Friday, November 10, 2017

Bullying Happens!

I've been thinking about bullying these days. There are too many news stories of people in power and their bullying ways. It would be nice if this was never an issue in faith communities or religious schools, but it is. We are comfortable talking about the importance of hospitality, but addressing dysfunctional power dynamics is more difficult and perhaps more important. Picture books are a great tool for difficult subjects. Yes, bullying happens, even among those who talk a lot about God, but what better place to explore the idea that we are all equally God's beloved children, even the bullies.
Picture Book: The Recess Queen
Author: Alexis O’Neill
Illustrator: Laura Huliska-Beith
Summary:  The title character in this original take on bullying is Mean Jean. No one gets to swing or kick or bounce until after Mean Jean. 
If anyone tries, she gets physical. Mean Jean growls 
and howls when there are complaints.
Then new student teeny, tiny Katie Sue arrives. 
No one warns Katie Sue about Mean Jean so Katie Sue swings, kicks, and jumps with abandon. 
The other kids are amazed! Mean Jean is furious. She charges through the playground, grabs Katie Sue, and explains her rules. 
 
What does Katie Sue do? She talks back! "How did you get so bossy?" Then she continues her play.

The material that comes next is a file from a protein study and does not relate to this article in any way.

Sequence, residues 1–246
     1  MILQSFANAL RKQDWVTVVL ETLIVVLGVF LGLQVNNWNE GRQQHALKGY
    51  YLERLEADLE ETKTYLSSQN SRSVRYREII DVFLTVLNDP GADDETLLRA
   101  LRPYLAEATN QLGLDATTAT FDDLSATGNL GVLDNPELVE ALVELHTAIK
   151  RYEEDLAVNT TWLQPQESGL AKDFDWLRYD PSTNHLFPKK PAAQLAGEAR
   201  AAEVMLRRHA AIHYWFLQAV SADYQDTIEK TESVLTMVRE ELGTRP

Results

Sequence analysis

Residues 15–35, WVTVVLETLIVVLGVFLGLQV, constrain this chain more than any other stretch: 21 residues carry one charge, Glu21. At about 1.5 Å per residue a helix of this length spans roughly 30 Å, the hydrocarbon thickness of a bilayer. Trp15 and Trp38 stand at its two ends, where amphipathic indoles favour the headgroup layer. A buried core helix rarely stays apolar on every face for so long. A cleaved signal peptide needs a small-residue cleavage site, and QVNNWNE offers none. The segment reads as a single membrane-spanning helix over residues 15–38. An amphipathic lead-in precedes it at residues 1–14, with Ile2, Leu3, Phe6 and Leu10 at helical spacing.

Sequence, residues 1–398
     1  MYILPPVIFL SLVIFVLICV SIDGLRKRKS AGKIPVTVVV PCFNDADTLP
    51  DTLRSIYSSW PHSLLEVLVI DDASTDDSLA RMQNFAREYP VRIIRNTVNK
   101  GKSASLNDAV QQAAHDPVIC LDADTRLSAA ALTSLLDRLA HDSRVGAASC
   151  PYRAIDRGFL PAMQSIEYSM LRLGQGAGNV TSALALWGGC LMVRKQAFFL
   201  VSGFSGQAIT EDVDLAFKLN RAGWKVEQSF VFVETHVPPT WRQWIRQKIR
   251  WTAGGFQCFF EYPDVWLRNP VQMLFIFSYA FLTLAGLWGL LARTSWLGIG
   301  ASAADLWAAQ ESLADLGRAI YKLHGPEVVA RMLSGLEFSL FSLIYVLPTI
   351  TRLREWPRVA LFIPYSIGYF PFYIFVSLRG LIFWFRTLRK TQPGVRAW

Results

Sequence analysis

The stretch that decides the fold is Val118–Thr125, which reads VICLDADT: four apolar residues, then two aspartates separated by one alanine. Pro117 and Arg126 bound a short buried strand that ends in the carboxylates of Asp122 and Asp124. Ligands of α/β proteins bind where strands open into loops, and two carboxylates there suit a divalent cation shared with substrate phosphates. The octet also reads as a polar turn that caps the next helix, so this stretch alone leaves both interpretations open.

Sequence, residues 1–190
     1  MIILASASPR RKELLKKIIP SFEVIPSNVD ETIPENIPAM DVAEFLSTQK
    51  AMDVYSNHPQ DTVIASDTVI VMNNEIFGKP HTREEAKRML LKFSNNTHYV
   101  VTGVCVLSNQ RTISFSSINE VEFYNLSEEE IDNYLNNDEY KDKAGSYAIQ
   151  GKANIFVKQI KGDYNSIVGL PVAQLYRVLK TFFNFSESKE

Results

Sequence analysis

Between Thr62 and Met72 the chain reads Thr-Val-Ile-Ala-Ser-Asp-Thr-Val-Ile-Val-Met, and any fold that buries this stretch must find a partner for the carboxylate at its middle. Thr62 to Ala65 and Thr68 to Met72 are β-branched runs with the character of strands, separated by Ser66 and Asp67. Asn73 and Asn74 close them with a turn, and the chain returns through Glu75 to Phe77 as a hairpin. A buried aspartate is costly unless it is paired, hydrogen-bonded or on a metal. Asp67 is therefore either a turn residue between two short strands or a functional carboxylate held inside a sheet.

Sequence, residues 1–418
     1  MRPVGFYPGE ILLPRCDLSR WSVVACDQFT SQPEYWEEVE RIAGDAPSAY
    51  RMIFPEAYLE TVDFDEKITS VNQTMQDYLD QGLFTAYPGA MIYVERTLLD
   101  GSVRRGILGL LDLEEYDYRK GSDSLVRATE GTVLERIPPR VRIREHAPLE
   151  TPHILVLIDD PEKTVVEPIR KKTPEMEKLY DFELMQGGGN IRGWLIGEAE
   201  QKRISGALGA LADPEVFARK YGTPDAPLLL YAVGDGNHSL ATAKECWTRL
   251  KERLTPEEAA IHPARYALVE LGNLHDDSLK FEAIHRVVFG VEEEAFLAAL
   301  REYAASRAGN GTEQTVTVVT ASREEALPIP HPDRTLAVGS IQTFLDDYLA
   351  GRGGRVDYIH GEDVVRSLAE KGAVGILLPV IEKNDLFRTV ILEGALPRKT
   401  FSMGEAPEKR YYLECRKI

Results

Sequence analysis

Mean Jean becomes even more furious and chases after Katie Sue. The children continue to be riveted. 
Then Katie Sue pulls out of her backpack a jump rope and invites Jean to play. 
Jean is as shocked as the rest of the children. No one has ever dared ask Jean to play! 
 
So Katie Sue jumps while rhyming more invitations:
I like popcorn,
I like tea,
I want Jean 
to jump with me! (She doesn't call her Mean Jean.)
When a bystander encourages Jean to jump in, she does. 
Fearless jumping and giggling ensue. 
That encounter makes all the difference for the whole community. The playground is a fun place for everyone. 
Hanna’s Comments: I like this book because the author has great fun with words (my summary above doesn't do it justice):
If kids ever crossed her,
she'd push 'em and smoosh 'em
Lollapaloosh ‘em, 
hammer’em, slammer ‘em, 
kitz and kajammer ‘em. 
This keeps the tone light so you can tip toe into the deep of this serious subject. This book resolves the issue of bullying with such joy that I think your audience won't mind talking about it. Ignoring a difficult subject and dysfunctional dynamics in a faith community can not only do harm but turn individuals against religion and even faith for the rest of their lives. A community that touts God’s love can’t afford to hide hate or cruelty. In 2014 at PBT, I featured a series of books about bullying which were mostly dark. Check out the first in the series [here]. In contrast, The Recess Queen is fun and still gets to the heart of the issue, resolving the problem with kindness and hospitality. 
Original Publisher & Date: Scholastic, 2002
Age & Grade Appropriateness: 4 and up, Pre and up
Formats other than Book: Tablet
Scripture Connections: Because of so many bystanders in this story, highlight the concept of witness with verses such as "Let your light shine before others so that they may see your good works..." (Matthew 5:16).  There is obvious application here for The Great Commandment: "Love your neighbor as yourself." (Leviticus 19:18; Mark 12:31) 
Idea(s) for Application: Read this book to a group of children in your faith community if you have a bully or bully victims. This book or other books about bullying can also be great tools for preventing bullying problems.